As the EU contends with the…
Moscow curries favor, neighbors seek…
The Russian Foreign Ministry has placed sanctions on U.S. Energy Secretary Jennifer Granholm along with 60 other U.S. citizens and top officials, Interfax news agency reports.
On Monday, the Russian Foreign Ministry updated its blacklist to include 61 high-ranking Americans, including Granholm, Treasury Secretary Janet Yellen, White House economic adviser Brian Deese and Senior presidential advisor Mike Donilon.
The sanctions are in retaliation for “constantly expanding U.S. sanctions against Russian political and public figures, as well as representatives of domestic business”, Reuters cited the Russian Foreign Ministry as saying in a statement.
The new sanctions, which have little if any attention in Washington or in the Western media, come after Russian Foreign Minister Sergei Lavrov was prevented by NATO countries from visiting Serbia and crossing the airspace of Bulgaria, North Macedonia and Montenegro.
Responding to the closure of airspace by these NATO countries, Lavrov said “the unthinkable has happened”.
“The international activities of Serbia have been blocked, at least for now, in the Russian direction,” RT quoted Lavrov as saying.
“We won’t mince words here, it’s yet another vivid and didactic demonstration of how far NATO and the EU can go in employing the lowest means to pressure those who aren’t guided by their national interest and aren’t ready to sacrifice their principles and dignity for the sake of the rules that the West is imposing as a substitute for international law,” Lavrov added.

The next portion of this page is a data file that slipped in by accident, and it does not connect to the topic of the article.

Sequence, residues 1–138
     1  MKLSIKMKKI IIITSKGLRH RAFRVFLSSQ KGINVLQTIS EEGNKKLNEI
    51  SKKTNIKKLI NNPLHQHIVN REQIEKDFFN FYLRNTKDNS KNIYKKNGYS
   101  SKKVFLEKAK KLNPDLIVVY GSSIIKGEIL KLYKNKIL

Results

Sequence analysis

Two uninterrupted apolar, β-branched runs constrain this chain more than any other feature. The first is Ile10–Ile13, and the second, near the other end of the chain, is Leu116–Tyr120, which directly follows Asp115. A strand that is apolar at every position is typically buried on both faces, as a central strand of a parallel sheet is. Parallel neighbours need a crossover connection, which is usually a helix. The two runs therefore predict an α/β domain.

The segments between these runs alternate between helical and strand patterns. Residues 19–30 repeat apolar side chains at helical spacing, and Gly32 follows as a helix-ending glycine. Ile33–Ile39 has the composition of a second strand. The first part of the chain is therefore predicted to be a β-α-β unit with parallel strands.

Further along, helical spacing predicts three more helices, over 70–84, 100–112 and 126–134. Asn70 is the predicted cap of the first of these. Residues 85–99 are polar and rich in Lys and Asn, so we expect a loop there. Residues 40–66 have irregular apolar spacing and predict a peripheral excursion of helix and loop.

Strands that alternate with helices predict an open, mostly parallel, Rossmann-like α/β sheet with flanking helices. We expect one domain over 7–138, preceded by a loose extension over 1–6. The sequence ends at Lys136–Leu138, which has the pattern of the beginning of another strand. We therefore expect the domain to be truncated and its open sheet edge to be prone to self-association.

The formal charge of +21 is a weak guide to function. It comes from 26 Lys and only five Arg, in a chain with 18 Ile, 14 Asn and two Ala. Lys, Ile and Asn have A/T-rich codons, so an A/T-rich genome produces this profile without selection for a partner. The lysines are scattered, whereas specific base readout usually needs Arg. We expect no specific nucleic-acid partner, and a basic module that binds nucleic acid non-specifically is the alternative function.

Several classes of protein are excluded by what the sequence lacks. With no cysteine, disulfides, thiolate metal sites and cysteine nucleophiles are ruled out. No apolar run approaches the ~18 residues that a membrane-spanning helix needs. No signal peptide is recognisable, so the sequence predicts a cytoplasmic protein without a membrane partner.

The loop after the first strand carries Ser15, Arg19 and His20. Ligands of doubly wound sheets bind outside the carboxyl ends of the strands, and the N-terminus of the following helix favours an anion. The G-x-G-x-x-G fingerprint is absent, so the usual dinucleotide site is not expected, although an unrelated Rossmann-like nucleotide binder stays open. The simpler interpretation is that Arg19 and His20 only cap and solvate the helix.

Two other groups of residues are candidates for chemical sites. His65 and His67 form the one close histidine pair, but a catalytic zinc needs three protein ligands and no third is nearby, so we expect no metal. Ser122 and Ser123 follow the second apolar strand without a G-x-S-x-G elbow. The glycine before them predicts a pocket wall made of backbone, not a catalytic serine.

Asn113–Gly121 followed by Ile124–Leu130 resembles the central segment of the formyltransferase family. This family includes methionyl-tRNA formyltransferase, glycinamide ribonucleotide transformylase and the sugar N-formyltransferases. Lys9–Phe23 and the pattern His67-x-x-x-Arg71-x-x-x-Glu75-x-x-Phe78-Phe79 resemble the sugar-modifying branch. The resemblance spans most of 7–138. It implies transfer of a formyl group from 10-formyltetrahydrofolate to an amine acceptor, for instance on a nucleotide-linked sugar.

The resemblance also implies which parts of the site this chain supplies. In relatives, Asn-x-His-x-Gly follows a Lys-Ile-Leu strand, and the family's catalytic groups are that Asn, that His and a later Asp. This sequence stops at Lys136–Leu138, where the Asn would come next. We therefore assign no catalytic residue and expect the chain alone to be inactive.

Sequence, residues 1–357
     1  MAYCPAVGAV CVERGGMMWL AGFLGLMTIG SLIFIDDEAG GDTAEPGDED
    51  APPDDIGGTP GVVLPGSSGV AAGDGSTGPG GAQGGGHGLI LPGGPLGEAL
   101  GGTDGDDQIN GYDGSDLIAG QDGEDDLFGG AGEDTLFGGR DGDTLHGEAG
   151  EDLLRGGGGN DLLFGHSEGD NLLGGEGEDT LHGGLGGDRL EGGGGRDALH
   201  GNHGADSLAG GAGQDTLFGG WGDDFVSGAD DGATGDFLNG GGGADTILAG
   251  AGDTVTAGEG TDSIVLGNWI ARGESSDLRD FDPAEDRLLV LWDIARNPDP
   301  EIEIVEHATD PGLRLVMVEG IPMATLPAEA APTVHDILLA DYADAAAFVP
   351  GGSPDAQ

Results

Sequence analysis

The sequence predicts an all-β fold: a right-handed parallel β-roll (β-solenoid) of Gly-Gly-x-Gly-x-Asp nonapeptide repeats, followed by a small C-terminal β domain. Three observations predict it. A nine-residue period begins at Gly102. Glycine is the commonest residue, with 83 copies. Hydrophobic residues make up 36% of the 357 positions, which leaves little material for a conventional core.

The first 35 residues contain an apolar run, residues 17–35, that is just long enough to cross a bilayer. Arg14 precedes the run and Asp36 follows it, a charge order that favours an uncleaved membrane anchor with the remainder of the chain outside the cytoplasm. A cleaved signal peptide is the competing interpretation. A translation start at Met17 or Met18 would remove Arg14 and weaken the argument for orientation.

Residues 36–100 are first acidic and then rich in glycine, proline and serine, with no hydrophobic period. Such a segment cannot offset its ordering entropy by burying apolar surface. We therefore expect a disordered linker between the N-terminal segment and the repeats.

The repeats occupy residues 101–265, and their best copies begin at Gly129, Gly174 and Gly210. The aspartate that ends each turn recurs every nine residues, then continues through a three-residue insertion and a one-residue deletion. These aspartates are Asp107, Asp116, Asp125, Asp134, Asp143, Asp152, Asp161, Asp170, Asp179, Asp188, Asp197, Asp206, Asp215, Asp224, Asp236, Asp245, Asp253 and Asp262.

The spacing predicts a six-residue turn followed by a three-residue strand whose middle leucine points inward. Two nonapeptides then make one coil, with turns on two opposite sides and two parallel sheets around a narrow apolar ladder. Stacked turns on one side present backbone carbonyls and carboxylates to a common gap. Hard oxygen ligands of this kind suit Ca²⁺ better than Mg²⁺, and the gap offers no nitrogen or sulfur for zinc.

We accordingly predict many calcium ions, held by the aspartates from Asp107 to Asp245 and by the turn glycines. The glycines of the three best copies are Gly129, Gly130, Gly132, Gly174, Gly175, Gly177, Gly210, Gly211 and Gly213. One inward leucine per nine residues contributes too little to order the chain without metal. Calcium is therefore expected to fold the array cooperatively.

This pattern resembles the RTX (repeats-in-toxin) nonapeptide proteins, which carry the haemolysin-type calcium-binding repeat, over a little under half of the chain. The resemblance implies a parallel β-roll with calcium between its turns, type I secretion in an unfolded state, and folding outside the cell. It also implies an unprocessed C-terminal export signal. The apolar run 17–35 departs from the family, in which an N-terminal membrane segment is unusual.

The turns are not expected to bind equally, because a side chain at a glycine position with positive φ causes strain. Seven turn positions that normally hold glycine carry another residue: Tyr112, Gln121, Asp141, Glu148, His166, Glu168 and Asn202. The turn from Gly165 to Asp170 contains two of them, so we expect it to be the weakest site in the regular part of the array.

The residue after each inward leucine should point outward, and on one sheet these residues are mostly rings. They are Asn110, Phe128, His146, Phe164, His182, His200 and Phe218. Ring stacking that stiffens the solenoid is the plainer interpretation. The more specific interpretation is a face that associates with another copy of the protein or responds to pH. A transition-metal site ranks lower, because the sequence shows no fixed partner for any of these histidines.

In May, Granholm publicly stated that secondary sanctions on Russian oil purchases were still being considered based on increasing demand from China and India for heavily discounted Urals crude. Such sanctions would be designed to keep Russia from rerouting its crude originally bound for Europe to other markets.
For now, the White House is divided over whether secondary sanctions would cause more harm than good and could serve to create more divisions among allies.
By Charles Kennedy for Oilprice.com
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Charles is a writer for Oilprice.com